While the contractor’s risk-taking paid off, crews were still faced with a number of challenges throughout the course of the project. After work on the bridge started, two types of endangered mussels were identified downstream. At the time of bidding, there were no restrictions on constructing temporary work pads and crossings in the river channel. Because of this discovery, ESS changed its river access plans from a full stream crossing with pipe culverts to work pads on the banks above the ordinary high water elevation. This also necessitated an increase in crane sizes for structural steel removal and erection operations.

An unexpected 6-ft cavern under the existing substructure discovered while drilling shafts for a temporary bent slowed work, but crews were able to change their methods of operation to overcome it, said Jones. And a record snowstorm in February, when crews were starting work on the temporary substructure, had crews shoveling snow out of the way to keep the job on schedule.

Despite the setbacks, all lanes opened for traffic May 23, 2011.

But this is not where the story ends. Often lost in the fanfare of the bridge jacking job’s success is the second half of ESS’s project for MoDOT – the repaving of a portion of westbound I-44, 10 miles away from the bridge replacement.

The two jobs were let by MoDOT as one project even though they were miles apart. “We normally wouldn’t put contracts like this together,” Woods admitted, but the benefits of having one prime contractor as a contact proved to be many. Administration was easier, according to Woods, since things like ramp closures on one job would ultimately affect traffic flow at the other.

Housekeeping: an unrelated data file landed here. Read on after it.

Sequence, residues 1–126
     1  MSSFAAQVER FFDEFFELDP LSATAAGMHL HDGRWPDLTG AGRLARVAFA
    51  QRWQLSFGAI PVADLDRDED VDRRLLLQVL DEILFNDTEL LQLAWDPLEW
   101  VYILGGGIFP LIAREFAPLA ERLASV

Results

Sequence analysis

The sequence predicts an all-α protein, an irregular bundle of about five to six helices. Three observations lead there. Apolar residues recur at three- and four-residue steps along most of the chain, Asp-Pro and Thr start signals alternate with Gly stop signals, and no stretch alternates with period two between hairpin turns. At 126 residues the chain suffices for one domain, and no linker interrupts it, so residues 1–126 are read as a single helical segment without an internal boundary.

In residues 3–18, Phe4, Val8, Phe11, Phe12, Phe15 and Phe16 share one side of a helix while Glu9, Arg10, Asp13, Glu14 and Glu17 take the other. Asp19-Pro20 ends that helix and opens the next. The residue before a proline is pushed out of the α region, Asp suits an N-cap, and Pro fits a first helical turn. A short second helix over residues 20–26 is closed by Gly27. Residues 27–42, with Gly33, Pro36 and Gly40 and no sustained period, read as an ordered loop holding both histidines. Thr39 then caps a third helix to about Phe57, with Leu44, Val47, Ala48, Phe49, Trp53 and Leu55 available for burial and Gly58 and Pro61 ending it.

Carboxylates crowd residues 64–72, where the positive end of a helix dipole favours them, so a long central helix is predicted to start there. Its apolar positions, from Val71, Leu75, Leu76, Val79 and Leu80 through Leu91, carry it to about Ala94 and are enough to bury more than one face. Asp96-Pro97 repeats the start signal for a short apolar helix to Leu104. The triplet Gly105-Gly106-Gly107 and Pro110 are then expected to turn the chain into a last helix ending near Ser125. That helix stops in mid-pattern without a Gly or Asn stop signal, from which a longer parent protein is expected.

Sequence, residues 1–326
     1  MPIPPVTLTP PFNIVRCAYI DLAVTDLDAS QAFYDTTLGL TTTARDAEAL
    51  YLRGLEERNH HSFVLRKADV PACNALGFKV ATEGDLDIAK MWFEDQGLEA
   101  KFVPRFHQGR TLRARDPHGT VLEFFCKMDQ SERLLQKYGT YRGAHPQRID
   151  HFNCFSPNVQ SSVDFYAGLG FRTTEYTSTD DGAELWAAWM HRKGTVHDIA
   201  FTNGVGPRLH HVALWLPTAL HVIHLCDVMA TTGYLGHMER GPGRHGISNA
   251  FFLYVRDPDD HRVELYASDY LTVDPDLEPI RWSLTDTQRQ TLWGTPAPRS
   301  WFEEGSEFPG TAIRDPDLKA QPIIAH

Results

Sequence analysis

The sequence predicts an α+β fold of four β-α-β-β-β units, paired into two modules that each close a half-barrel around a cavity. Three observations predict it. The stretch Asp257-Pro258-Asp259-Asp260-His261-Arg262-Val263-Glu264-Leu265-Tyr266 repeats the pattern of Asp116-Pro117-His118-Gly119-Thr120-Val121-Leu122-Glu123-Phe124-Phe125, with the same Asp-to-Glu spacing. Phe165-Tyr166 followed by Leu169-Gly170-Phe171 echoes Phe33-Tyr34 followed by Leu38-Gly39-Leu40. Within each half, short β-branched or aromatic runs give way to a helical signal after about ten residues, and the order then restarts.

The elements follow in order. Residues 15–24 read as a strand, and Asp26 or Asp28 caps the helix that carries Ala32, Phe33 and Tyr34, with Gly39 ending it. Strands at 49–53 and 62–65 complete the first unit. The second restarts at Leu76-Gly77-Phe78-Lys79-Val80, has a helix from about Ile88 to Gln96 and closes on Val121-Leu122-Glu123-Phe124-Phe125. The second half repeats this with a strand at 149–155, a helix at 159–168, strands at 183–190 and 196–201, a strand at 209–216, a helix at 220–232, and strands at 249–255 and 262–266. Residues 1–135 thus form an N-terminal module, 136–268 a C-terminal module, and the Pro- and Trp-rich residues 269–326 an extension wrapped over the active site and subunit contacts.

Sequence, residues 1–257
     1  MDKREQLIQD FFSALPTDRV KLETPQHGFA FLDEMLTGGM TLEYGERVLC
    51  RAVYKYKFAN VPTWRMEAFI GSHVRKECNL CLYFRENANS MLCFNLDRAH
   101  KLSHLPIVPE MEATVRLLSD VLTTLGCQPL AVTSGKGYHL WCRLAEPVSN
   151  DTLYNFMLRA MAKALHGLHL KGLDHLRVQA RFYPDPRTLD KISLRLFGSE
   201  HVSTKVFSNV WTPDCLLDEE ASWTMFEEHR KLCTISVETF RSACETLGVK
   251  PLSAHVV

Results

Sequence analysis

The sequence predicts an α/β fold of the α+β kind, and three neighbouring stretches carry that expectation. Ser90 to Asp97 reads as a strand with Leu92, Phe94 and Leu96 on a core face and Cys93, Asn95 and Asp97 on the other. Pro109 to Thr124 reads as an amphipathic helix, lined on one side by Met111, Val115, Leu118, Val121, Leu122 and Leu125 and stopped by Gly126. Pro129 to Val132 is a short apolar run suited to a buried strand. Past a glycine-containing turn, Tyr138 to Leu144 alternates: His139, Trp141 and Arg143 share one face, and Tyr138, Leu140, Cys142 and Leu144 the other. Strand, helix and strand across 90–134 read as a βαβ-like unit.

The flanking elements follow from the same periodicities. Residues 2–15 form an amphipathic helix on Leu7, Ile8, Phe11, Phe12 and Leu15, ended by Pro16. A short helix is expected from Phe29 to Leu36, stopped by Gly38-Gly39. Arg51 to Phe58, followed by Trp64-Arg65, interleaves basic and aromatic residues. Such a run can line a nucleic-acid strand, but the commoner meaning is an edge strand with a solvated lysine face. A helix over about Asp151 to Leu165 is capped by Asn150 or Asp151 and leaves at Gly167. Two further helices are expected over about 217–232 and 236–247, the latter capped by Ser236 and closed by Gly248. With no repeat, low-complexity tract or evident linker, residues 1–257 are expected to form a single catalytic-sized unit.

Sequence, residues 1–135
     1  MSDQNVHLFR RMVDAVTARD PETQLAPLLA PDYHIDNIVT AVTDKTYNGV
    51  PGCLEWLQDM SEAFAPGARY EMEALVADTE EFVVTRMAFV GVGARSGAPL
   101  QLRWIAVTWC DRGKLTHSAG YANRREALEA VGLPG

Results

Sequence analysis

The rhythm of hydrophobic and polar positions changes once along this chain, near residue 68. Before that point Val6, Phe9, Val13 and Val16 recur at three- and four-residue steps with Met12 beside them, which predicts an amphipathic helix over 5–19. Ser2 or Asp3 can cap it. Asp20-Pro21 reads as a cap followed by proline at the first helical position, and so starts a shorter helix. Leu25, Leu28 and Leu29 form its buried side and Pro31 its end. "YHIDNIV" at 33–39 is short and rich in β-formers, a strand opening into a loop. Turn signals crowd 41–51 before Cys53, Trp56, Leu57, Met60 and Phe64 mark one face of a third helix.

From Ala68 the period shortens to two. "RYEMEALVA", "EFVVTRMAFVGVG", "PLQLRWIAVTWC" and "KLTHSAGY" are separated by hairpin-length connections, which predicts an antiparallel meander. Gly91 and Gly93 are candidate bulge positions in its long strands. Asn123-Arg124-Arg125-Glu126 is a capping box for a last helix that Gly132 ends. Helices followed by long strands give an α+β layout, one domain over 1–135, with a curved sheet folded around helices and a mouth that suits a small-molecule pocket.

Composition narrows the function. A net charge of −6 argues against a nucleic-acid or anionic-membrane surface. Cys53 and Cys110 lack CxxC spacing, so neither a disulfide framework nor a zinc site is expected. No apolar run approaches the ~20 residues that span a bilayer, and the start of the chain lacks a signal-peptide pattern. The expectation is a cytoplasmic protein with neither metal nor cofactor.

Like the bridge job, the paving job was also met with an aggressive schedule proposal by ESS. MoDOT’s maximum closure of the roadway was 45 days. ESS’s proposal offered 37 days, but efficient work and the luck of good weather allowed the job to be completed in just 21 days.

The scope of work included the placement of an 8-in concrete overlay on nine miles of I-44 near Waynesville, Mo. Crews used an optimized mix with a higher concentration of cement, Jones said, which helped the roadway gain strength more quickly. Warm weather also helped the cure rate.

“The combination helped us get strength in about two-and-a half days instead of three-and-a-half days,” Jones said. Performing both jobs under the same contract also helped optimize efforts on ESS’s end as well.

“A lot of the material suppliers and subs were used on both projects,” said Jones.

Attention to detail and the pursuit of an aggressive schedule would prove to be the reasons for the two-part project’s success. With approval of the bid in place, ESS had two months to negotiate and manage engineering design and specialty construction. Once work on both projects started, ESS’s project managers met daily, said Jones, and managed 26 subcontractors and material suppliers, 160 employees (more than half of the company’s workforce) and 80 trucks involving work and material delivery schedules of 24 hours per day, seven days a week.